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Last Updated: Wednesday, 23 February, 2005, 18:04 GMT
Is Royal wedding a human right?

By Jon Silverman
Legal affairs analyst

Not for the first occasion in this government's lifetime is there a dispute over a piece of legal advice.

Wedding banns
Paperwork on Royal weddings has a long history

The Attorney-General's assertion that the war against Iraq was lawful continues to divide experts in international law.

Similarly constitutional lawyers are at odds over the legality of the marriage in a civil ceremony of Prince Charles to Camilla Parker Bowles.

It is doubtful whether the Lord Chancellor's statement will end the disquiet.

It is clear and unequivocal that the 1836 Marriage Act, which introduced civil marriage to England and Wales, did not apply to the royal family.

1950's advice

But the Lord Chancellor, Lord Falconer, says the 1836 Act has been supplanted in its entirety by the Marriage Act, 1949 and the Registration Service Act, 1953.

One clause of the 1949 Act reads: "Nothing in this act shall affect any law or custom relating to the marriage of members of the royal family."

Lord Falconer has introduced a thought absent from the debate so far

Some legal experts, such as the former Attorney-General, Sir Nicholas Lyell, have suggested this leaves the royals subject to historic laws requiring them to marry in church.

This was the basis of the advice given by the then Lord Chancellor, Lord Kilmuir, to Princess Margaret when she announced her plan to marry Group Captain Peter Townsend in the 1950s.

According to Lord Falconer, that view was "over-cautious". He says the crucial clause in the 1949 Act is "a saving not an exclusion".

Remarkable reference

In other words it preserves a number of ancient procedures relating to royal marriages but does not exclude the royals from marrying in a civil ceremony.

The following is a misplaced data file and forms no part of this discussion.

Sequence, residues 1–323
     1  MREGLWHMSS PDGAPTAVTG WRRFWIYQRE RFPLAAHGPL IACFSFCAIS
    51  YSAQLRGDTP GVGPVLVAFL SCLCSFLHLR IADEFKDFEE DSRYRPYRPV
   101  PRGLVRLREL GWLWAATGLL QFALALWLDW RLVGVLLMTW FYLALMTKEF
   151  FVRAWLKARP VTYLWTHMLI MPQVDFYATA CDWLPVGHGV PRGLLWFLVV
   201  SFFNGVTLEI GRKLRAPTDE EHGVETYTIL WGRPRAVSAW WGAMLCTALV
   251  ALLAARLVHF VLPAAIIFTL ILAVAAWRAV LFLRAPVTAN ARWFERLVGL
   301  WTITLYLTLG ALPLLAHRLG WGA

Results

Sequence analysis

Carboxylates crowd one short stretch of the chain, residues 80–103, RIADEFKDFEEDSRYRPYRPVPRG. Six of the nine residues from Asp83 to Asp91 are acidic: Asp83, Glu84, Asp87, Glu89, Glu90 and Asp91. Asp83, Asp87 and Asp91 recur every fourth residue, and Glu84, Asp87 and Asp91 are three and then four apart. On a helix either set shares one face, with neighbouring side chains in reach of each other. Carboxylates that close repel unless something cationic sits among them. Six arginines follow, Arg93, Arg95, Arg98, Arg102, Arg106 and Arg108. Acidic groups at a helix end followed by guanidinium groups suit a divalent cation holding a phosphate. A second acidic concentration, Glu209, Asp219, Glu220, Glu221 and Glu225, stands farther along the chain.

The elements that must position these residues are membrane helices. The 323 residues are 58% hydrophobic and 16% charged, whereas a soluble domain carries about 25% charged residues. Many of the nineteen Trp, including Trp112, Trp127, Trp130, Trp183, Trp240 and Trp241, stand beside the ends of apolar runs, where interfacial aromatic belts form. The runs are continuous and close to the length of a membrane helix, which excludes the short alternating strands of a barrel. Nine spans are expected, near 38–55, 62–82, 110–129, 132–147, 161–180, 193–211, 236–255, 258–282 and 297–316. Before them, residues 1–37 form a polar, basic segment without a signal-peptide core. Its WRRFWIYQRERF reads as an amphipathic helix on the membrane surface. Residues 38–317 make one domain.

Nevertheless Dr Stephen Cretney, of All Souls, Oxford, believes no statute permits a royal marriage in a register office and is calling on the government to introduce a one-line bill to remove any doubts about the legality of the Prince of Wales's second wedding.

Prince Charles and Camilla Parker Bowles
Lawyers and academics are at odds over the union's legality

Lord Norton of Louth, a politics professor, said : "If the government's case is not considered compelling, I think we may have to fall back on legislation to clarify the position."

Lord Falconer has also introduced a thought which has been absent from the debate so far.

He says the Human Rights Act 2000 lends weight to the legality of a civil marriage ceremony for the Prince and Mrs Parker Bowles.

It required legislation to be interpreted wherever possible in a way that is compatible with the right to marry (article 12) and with the right to enjoy that right without discrimination (article 14).

Nothing would be more remarkable if this unprecedented controversy was to be finally settled by reference to a piece of legislation which New Labour regards as its landmark achievement.

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